Although it’s often a better approach, lengthening your scope of history can still be problematic — it won’t cover all the potential outcomes possible in the future. In his great book, The Black Swan, Nassim Taleb illustrates this point beautifully through the story of a turkey’s life. For about a thousand days, the turkey sees the farmer as his friend. The farmer feeds him, looks after him when he’s sick, and cleans up after him. Every day that passes is more evidence that that the farmer wants nothing but the best for him. However, on one fateful day, usually just before Thanksgiving, the turkey realizes that everything he ever knew, saw or experienced about the farmer was wrong.
Taleb suggests that similar to the turkey, we are prone to believe that if something hasn’t happened in the past, it won’t happen in the future. Although this line of thinking works most of the time, being vulnerably exposed to something just because it has never happened before has bankrupted more than a few investors over the years.
The point to be taken here is not that history isn’t relevant — it is! However, overly relying on history and historical trends to predict the future will catch up to you at some point. And the longer you get away with it, the more exposed you’ll leave yourself in the future — trust me, I know my history! J
Suggestion: Don’t assume that because you know what happened in the past, you’re able to predict the future. Remaining humble is one of the best lessons history can give you.
The Illusion of Diversification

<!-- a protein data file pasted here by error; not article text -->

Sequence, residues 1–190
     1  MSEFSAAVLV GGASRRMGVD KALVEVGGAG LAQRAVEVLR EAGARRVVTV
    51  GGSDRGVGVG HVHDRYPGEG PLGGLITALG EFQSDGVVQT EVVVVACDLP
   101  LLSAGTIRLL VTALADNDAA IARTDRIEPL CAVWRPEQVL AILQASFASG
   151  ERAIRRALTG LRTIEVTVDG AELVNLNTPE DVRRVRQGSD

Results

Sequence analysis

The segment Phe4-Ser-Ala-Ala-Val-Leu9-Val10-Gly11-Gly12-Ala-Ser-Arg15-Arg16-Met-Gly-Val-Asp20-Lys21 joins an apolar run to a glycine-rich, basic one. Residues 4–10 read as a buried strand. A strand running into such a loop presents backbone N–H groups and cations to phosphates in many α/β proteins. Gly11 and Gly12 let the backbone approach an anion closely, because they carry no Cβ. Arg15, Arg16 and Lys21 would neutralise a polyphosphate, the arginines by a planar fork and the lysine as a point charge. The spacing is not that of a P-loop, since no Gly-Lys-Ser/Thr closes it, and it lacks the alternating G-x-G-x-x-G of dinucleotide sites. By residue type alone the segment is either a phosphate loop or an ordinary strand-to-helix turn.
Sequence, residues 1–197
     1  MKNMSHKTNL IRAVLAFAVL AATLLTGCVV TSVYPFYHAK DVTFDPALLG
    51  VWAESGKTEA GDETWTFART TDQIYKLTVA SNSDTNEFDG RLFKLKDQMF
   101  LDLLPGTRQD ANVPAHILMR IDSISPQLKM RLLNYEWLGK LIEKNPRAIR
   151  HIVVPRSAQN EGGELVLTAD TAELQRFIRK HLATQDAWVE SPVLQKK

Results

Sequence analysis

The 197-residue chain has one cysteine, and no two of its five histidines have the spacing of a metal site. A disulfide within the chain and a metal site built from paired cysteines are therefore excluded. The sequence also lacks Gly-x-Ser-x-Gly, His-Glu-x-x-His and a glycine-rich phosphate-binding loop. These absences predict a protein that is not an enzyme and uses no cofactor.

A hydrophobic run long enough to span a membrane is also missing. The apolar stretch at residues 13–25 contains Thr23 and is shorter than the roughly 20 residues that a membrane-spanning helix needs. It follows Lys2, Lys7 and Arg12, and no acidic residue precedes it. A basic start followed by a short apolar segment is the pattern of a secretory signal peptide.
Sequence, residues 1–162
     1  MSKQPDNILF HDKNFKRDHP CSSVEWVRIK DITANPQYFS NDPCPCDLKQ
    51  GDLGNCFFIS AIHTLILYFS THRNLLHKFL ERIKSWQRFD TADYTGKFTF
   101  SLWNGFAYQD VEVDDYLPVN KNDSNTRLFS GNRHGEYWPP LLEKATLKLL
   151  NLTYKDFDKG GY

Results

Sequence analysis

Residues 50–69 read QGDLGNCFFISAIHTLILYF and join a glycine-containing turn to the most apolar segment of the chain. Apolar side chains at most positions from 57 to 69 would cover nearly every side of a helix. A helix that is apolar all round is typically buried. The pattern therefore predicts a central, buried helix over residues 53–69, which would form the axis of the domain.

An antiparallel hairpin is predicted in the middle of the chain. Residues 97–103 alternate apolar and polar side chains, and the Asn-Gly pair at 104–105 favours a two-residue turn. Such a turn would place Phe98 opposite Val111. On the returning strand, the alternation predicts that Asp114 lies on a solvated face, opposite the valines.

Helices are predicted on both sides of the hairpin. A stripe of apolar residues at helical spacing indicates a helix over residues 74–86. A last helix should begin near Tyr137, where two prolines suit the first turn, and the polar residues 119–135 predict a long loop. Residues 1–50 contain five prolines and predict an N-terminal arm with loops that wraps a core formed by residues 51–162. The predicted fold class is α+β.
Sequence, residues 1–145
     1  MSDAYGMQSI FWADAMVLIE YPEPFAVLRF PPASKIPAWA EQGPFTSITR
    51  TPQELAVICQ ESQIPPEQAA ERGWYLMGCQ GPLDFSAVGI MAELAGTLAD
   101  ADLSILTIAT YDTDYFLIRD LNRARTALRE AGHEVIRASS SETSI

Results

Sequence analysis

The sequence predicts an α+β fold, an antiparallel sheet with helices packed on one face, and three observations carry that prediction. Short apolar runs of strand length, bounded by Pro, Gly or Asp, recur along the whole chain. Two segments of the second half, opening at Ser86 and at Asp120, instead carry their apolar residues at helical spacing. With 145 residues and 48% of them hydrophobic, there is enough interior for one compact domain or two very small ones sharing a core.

A client once said to me, “Why don’t we put all of our money into the five big Canadian banks and be done with it?”
In his mind they were five big “blue chip” companies that at the time had done very well and were not only the envy of most banks around the world, but most companies, too. Although he was right that they were well-run companies and had been great investments to date, he missed a very important point. Diversification isn’t just about the number of securities you own; it’s about protecting against unknown outcomes that can derail your net worth.
Although the five big banks are separate companies, they are influenced by similar factors and react similarly in different environments. If something unexpected happens, they’re likely to be affected in the same manner. This could work out for the best, but it could also fall the other way.
If you were a hockey coach and all the best players you could pick were left wingers, would you only choose left-wingers? Or, would you pick players for each position, even if they were not as good as the left-wingers? There are many financial environments, or seasons if you will, on the horizon. By restricting your investments to securities that are thriving in a current financial summer so to speak, you leave yourself terribly exposed to a potential financial winter.
Suggestion: When building your portfolio, don’t pick individual companies or securities just because they are in favour or highly rated. Look for investments in various asset classes that complement each other and aren’t influenced by the similar factors.
My next post will cover representativeness and familiarity and scarcity, as well as some final thoughts on investment biases. If you have any questions about this series, feel free to shoot me an email.